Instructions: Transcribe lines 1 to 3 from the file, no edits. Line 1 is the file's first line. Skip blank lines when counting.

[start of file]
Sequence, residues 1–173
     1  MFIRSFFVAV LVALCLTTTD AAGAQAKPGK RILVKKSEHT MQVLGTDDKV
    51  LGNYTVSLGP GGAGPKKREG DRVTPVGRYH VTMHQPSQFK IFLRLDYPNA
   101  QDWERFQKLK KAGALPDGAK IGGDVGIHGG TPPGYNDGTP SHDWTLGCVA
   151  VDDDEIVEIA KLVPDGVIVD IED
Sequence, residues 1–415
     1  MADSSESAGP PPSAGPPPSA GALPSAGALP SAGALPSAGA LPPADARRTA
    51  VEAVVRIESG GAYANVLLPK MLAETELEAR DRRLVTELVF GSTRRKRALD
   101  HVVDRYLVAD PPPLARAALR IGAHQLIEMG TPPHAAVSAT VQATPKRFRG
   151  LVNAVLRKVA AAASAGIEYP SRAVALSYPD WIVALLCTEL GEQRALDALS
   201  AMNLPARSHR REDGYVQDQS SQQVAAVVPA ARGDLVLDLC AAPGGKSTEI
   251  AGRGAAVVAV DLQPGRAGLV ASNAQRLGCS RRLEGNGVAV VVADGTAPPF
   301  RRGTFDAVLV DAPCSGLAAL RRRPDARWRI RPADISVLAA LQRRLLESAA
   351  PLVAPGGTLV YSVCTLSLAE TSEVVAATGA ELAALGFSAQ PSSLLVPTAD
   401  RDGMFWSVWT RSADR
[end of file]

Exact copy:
Sequence, residues 1–173
     1  MFIRSFFVAV LVALCLTTTD AAGAQAKPGK RILVKKSEHT MQVLGTDDKV
    51  LGNYTVSLGP GGAGPKKREG DRVTPVGRYH VTMHQPSQFK IFLRLDYPNA